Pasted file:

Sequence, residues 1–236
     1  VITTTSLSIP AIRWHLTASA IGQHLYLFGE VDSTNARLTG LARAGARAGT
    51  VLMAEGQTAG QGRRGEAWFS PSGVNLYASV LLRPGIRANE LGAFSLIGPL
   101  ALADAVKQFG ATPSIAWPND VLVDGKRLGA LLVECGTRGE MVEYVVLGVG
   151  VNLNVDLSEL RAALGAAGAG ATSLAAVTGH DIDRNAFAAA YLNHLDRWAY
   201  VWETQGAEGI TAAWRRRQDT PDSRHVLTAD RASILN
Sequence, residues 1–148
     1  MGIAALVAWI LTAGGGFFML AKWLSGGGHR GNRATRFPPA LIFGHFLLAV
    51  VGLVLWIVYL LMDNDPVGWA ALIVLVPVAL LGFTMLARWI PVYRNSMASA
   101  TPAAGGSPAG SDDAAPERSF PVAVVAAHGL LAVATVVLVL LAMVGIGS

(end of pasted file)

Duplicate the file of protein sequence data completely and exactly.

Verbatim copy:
Sequence, residues 1–236
     1  VITTTSLSIP AIRWHLTASA IGQHLYLFGE VDSTNARLTG LARAGARAGT
    51  VLMAEGQTAG QGRRGEAWFS PSGVNLYASV LLRPGIRANE LGAFSLIGPL
   101  ALADAVKQFG ATPSIAWPND VLVDGKRLGA LLVECGTRGE MVEYVVLGVG
   151  VNLNVDLSEL RAALGAAGAG ATSLAAVTGH DIDRNAFAAA YLNHLDRWAY
   201  VWETQGAEGI TAAWRRRQDT PDSRHVLTAD RASILN
Sequence, residues 1–148
     1  MGIAALVAWI LTAGGGFFML AKWLSGGGHR GNRATRFPPA LIFGHFLLAV
    51  VGLVLWIVYL LMDNDPVGWA ALIVLVPVAL LGFTMLARWI PVYRNSMASA
   101  TPAAGGSPAG SDDAAPERSF PVAVVAAHGL LAVATVVLVL LAMVGIGS